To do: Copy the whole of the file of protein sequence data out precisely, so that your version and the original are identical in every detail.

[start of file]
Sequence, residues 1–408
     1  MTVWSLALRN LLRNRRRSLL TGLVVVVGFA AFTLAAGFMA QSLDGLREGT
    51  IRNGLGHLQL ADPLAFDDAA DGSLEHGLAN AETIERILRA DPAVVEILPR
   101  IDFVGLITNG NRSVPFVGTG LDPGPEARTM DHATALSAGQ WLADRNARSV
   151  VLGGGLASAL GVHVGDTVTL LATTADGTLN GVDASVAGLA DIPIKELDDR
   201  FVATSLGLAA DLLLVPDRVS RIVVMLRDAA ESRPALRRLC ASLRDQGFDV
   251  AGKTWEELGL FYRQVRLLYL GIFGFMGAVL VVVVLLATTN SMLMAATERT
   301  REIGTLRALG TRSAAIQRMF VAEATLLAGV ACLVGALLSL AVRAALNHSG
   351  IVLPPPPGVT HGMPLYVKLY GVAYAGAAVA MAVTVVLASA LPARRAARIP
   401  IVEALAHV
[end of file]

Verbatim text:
Sequence, residues 1–408
     1  MTVWSLALRN LLRNRRRSLL TGLVVVVGFA AFTLAAGFMA QSLDGLREGT
    51  IRNGLGHLQL ADPLAFDDAA DGSLEHGLAN AETIERILRA DPAVVEILPR
   101  IDFVGLITNG NRSVPFVGTG LDPGPEARTM DHATALSAGQ WLADRNARSV
   151  VLGGGLASAL GVHVGDTVTL LATTADGTLN GVDASVAGLA DIPIKELDDR
   201  FVATSLGLAA DLLLVPDRVS RIVVMLRDAA ESRPALRRLC ASLRDQGFDV
   251  AGKTWEELGL FYRQVRLLYL GIFGFMGAVL VVVVLLATTN SMLMAATERT
   301  REIGTLRALG TRSAAIQRMF VAEATLLAGV ACLVGALLSL AVRAALNHSG
   351  IVLPPPPGVT HGMPLYVKLY GVAYAGAAVA MAVTVVLASA LPARRAARIP
   401  IVEALAHV